Is it just me, or has there been much more use of the term “due diligence” in recent years? I’m referring to the financial services industry, as well as the world beyond that, and I don’t recall there ever having been so much reference to that term.
So, in the hope that it’s not just my perception, why would there be more of a focus now than was previously the case?
Sticking with reference to our own industry, there’s hardly a day goes by when I don’t encounter a reference to due diligence. That might be a request from a financial adviser firm for information on my employer so that it can inform the research and recommendation material for clients, or it might be me making a request for information from an adviser or client on a proposed pension scheme investment.
Of course, due diligence is not a new concept and, whether or not that term was used widely in the past, some form of it will have been in action over the decades within our industry. It’s the extent to which it has (or has not) taken place that has shaped some more recent events; more on that later.
One of the reasons why we might be making more use of the term could be down to the abundance of easily available information these days – it only takes seconds to access an internet search engine to call up endless pages of information on a given topic. I’m old enough to recall there being no email facilities, never mind access to a global information network!
The internet makes it far simpler now to conduct detailed research on, for example, a provider the adviser firm might be looking to recommend to (or review for) a client. That research might reveal a number of facts about the provider, including perhaps where its underlying profit is derived from.
Another reason for increased levels of due diligence might be down to increasing regulatory requirements and pressures on advisers and providers. As an example, SIPP providers are required to report on their capital adequacy position on a quarterly basis to the Financial Conduct Authority. That data should consequently be readily available to adviser firms when quizzing a provider about its financial position as part of the adviser’s initial or ongoing due diligence on the providers he or she uses.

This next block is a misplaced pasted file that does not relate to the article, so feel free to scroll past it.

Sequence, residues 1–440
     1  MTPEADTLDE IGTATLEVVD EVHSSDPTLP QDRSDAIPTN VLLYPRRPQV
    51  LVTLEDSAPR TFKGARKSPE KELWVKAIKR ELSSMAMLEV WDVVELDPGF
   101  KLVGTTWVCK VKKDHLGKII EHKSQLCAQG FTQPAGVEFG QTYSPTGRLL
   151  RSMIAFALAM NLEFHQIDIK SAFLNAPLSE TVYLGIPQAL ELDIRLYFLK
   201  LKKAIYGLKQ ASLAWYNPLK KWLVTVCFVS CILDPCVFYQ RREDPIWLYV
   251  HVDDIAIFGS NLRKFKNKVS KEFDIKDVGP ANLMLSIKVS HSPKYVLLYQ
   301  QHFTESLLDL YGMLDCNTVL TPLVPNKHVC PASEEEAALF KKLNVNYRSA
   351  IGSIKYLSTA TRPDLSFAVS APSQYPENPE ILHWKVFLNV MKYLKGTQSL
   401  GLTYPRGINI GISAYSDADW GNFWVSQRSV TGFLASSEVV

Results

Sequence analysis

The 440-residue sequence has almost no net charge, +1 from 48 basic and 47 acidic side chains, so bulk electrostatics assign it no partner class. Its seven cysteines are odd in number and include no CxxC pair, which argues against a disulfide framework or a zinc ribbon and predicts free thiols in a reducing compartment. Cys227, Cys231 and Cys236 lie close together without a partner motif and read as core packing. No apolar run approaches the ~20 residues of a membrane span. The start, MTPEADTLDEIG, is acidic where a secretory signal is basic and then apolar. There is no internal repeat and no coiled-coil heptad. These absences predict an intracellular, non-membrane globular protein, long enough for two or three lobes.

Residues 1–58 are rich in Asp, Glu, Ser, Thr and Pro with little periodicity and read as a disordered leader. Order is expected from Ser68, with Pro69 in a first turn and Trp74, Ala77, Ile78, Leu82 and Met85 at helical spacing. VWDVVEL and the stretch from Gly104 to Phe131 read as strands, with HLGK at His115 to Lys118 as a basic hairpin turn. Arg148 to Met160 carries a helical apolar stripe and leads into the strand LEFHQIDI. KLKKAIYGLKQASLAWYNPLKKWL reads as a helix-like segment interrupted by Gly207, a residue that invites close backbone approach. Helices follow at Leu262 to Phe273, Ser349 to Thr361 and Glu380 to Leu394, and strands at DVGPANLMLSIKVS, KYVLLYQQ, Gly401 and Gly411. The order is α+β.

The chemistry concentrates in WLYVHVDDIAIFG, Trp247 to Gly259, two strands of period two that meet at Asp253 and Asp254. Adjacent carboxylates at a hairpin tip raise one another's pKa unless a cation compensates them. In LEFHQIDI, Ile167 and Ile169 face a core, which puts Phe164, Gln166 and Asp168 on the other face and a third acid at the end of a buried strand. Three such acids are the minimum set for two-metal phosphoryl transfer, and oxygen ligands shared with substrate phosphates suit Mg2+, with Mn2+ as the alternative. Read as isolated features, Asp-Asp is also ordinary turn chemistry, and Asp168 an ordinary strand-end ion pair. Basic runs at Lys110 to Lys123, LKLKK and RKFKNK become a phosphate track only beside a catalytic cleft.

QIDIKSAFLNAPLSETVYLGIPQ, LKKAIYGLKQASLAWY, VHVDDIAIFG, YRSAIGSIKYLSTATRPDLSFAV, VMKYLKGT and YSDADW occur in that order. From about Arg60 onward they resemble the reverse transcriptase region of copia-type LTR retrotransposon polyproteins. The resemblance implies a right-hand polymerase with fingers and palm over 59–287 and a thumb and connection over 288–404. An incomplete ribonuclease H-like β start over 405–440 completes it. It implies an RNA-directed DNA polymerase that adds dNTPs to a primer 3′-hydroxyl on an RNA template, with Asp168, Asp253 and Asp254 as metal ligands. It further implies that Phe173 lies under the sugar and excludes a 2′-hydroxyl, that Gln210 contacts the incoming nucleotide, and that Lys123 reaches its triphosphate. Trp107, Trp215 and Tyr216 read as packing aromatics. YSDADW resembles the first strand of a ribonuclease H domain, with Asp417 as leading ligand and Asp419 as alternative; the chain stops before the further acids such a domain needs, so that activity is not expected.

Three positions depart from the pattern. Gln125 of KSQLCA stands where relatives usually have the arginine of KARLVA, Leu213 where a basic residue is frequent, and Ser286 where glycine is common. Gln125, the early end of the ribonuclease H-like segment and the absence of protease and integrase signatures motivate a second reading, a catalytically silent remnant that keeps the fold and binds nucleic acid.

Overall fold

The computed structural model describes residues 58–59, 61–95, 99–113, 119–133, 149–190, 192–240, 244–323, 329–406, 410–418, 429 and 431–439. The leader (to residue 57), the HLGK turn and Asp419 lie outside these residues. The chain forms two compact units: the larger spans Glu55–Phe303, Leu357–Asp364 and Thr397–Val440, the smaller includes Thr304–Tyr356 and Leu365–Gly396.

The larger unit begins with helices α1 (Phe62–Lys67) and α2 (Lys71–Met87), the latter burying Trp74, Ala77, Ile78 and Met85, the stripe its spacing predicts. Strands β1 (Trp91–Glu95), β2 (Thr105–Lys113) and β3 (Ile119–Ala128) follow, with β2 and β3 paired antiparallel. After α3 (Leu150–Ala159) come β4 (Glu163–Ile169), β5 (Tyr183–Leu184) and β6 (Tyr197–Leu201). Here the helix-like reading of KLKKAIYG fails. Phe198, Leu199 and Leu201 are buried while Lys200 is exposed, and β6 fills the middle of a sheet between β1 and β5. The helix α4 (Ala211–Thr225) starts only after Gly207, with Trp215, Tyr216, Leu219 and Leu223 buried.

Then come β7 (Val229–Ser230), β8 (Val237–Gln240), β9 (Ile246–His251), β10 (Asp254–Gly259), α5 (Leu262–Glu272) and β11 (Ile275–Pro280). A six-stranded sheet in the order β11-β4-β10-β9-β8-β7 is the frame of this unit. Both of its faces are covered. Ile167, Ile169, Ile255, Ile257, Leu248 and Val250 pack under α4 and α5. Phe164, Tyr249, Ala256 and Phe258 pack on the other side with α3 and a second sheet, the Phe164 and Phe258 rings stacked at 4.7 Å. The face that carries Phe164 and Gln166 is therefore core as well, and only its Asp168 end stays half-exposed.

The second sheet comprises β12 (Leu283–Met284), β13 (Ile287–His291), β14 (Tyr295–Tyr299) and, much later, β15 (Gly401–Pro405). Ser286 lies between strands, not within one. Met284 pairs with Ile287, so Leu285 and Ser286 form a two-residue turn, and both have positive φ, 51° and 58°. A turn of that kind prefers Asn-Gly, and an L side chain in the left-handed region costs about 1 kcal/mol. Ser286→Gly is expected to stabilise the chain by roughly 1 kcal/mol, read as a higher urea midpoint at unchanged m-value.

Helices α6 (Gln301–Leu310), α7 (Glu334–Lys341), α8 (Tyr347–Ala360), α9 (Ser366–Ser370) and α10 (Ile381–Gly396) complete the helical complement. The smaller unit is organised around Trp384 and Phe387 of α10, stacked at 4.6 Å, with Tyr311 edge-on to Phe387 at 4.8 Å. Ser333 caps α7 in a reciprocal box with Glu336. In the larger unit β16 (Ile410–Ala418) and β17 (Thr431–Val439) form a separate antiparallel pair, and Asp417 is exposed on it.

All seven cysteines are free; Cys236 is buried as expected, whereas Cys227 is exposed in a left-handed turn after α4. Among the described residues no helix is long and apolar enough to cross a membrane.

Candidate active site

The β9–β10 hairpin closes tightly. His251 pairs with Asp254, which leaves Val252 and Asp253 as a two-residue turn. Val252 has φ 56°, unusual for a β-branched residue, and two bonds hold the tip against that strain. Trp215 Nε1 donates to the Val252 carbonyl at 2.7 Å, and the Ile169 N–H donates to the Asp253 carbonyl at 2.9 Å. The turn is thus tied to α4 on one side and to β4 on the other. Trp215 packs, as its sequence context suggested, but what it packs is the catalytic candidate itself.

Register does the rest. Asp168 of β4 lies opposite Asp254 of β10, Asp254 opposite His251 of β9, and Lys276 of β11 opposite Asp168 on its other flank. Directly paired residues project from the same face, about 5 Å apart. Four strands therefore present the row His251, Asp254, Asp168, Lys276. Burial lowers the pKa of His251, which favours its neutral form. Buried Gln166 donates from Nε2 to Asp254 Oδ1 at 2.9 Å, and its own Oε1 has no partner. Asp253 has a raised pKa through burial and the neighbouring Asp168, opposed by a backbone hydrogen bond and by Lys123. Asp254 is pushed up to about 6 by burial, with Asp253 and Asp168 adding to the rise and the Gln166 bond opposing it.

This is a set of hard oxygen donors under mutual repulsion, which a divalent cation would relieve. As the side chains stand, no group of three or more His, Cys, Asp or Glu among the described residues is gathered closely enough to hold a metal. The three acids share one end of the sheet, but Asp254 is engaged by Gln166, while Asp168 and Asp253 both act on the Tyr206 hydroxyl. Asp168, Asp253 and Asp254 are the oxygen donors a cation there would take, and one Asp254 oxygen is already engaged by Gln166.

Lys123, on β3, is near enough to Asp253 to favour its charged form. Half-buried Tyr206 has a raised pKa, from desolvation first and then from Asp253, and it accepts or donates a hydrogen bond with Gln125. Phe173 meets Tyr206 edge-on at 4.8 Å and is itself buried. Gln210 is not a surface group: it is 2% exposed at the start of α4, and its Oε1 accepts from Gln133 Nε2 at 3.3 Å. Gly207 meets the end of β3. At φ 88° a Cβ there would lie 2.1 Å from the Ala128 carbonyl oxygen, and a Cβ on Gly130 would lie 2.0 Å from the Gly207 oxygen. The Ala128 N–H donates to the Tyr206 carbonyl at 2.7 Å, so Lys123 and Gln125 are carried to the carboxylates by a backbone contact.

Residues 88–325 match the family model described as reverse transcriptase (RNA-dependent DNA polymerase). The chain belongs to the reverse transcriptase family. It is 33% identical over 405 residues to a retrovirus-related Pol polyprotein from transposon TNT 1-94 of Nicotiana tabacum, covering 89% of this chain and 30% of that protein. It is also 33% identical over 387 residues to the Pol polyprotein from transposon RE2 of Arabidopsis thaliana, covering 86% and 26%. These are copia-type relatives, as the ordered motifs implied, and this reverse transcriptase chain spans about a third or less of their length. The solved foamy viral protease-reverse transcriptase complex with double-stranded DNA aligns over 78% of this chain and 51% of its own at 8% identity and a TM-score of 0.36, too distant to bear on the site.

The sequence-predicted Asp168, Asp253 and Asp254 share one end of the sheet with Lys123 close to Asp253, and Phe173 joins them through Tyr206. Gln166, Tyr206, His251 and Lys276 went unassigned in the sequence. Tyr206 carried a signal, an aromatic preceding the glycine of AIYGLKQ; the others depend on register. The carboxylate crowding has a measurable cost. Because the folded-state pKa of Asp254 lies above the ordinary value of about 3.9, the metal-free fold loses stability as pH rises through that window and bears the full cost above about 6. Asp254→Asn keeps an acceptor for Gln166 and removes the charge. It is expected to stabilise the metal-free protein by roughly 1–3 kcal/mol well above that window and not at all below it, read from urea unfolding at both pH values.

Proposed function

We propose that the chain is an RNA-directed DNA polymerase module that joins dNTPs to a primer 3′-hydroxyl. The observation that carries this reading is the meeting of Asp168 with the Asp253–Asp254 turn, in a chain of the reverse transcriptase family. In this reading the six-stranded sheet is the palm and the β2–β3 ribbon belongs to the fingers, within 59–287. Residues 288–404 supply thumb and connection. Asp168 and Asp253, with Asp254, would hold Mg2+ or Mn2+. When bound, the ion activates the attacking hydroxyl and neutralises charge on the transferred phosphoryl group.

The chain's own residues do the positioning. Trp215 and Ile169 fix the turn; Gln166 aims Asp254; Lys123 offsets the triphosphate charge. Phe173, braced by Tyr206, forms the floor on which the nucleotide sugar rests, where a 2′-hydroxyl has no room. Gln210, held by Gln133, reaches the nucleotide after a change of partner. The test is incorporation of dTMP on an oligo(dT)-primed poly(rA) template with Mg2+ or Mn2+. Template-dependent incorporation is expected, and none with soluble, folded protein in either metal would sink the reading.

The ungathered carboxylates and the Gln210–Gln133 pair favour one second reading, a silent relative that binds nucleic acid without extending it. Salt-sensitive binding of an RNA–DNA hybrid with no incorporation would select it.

SIPP providers and due diligence
A cursory search on the internet along these lines will highlight the extent to which the term “due diligence” impacts providers of self-invested personal pensions.
There are two aspects to this:
- adviser firms’ research into SIPP providers
- SIPP providers’ due diligence on investments that it is asked to accept into its book
I have touched on some aspects of likely adviser due diligence on providers above. There will, of course, be more, depending on the firm’s compliance procedures.
In respect of providers’ due diligence on investments, the internet search will, sadly, reveal some worrying information on the extent to which some providers have historically carried out research on investments before allowing them to be made through their contracts.
Unfortunately, there are a number of providers whose due diligence on investments could be, and indeed has been, questioned formally and legally. Some of the fall-out from the lack of, or failed, due diligence by SIPP providers can be seen in their demise and the subsequent impact on the wider industry.
However, it’s not just provider due diligence on investments that has been called into question through the courts recently; we have seen a major issue with a provider failing to fully understand the possible impact of actions of an unregulated introducer of business to it.
Despite being heard in both the High Court and Court of Appeal, the Adams v Carey Pensions case may not yet have reached its conclusion and a Supreme Court hearing may be the ultimate determinant of the outcome of that case.
One thing is for sure in all of this; the amount of readily available information these days should mean that adviser firms can conduct effective due diligence on providers, which should hopefully demonstrate that not all are tarred with the same brush.
Stephen McPhillips is technical sales director at Dentons Pension Management